And these ideas were current in Palestine and the Roman world in the time of Jesus and the Apostles. It was in this sceptical context that the gospel was often first preached. The early Christians had to face the challenges of cosmology and origin science as we have to face them today. So beware of thinking the present is unique.
The first major scientific development after the apostolic age came in the second century. There were new developments in astronomy at Alexandria in Egypt associated with Ptolemy. His was a new geocentric model that became orthodoxy until Copernicus introduced a heliocentric orthodoxy in 1543. That lasted until modern times and the new physics. Ptolemy, however, taught that: “the earth, in relation to the distance of the fixed stars, has no appreciable size and must be treated as a mathematical point”. And this was in the second century AD. But the greatest minds in the Church were not put off by new thinking. They realised how provisional even the best scientific descriptions are.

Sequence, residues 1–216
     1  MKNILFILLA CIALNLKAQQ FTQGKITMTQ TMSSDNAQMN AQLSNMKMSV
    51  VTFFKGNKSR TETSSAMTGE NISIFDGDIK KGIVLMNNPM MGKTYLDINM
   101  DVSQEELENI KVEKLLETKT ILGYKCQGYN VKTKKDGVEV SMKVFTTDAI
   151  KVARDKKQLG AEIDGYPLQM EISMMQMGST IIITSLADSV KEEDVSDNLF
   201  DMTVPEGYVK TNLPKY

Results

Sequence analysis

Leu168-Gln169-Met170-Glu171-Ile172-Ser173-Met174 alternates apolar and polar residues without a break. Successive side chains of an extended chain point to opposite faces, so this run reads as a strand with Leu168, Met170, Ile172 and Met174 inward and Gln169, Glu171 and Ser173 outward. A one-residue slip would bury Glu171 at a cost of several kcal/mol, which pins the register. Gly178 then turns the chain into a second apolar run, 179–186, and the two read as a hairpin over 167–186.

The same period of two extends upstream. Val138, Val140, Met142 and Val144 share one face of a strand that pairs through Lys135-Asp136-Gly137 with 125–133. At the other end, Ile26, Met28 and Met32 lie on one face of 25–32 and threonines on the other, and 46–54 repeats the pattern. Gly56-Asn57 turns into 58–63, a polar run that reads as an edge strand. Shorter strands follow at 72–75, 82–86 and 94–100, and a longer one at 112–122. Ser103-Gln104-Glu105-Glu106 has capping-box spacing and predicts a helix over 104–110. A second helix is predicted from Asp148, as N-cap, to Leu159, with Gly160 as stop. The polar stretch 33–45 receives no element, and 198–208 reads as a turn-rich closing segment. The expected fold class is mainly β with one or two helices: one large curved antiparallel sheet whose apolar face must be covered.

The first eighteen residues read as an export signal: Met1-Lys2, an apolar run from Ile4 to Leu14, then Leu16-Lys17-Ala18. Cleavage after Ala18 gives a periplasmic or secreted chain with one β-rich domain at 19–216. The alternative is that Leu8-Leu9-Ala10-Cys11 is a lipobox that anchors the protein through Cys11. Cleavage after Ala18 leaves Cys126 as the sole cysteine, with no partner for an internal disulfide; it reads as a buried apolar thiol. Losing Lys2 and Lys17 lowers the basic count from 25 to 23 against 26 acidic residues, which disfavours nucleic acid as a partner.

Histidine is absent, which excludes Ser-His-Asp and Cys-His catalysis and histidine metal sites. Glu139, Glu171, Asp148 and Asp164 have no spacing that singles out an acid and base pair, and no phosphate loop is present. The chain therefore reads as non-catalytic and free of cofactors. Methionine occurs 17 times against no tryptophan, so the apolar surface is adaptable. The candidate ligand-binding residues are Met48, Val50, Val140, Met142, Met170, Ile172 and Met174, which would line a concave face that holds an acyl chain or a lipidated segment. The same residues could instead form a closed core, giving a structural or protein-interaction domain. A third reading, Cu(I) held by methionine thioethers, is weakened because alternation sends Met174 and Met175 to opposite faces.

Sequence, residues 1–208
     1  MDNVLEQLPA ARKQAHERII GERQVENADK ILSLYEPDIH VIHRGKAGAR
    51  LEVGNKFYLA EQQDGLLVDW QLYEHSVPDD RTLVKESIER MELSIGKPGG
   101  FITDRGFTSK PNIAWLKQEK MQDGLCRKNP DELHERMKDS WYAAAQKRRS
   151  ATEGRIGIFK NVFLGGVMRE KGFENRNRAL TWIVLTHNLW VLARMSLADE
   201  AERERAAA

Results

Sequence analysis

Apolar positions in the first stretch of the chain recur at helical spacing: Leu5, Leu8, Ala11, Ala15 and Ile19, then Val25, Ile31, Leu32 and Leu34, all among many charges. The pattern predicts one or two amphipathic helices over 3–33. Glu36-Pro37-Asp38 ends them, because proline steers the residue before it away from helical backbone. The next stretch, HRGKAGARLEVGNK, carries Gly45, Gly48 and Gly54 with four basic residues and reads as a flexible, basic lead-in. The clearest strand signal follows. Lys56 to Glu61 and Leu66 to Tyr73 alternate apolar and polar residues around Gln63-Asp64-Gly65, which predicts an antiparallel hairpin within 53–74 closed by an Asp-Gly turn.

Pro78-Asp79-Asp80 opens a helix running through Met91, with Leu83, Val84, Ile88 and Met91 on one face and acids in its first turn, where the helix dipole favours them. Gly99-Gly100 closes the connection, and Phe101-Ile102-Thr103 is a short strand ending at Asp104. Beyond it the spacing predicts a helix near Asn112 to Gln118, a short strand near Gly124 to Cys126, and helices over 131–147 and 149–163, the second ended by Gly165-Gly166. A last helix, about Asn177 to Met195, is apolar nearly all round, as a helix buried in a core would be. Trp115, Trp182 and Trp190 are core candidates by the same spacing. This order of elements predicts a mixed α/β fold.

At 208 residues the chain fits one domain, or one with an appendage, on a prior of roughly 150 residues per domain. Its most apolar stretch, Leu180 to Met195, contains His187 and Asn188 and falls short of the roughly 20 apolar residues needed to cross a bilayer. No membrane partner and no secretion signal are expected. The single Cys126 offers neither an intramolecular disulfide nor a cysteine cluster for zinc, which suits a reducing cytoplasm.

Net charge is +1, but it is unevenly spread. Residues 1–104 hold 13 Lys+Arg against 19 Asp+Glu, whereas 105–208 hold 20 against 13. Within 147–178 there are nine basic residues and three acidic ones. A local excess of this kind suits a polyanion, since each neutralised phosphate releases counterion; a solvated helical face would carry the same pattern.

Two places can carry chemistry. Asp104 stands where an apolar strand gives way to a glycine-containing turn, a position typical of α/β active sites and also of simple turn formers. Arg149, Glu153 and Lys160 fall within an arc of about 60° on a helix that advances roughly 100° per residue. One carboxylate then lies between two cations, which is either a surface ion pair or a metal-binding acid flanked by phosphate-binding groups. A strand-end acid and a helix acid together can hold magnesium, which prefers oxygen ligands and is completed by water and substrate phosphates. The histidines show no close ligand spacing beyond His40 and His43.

Basil of Cappadocia not long afterwards in the fourth century, discussing Genesis 1, produced a very practical philosophy of science. He said:
“natural scientists and philosophers have attempted to ‘explain’ nature; but not one of their theories or systems has remained firm and unshaken; each is overthrown by its successor. Refutation is thus unnecessary.
That is the view of some historians and philosophers of science today particularly regarding physics, and also biology when it has no chance of empirical verification. If a theory or model is useful for practical purposes, use it. But be careful of thinking that you are giving absolute truth about the nature of the universe. Basil of Cappadocia also says this in the fourth century (I quote verbatim):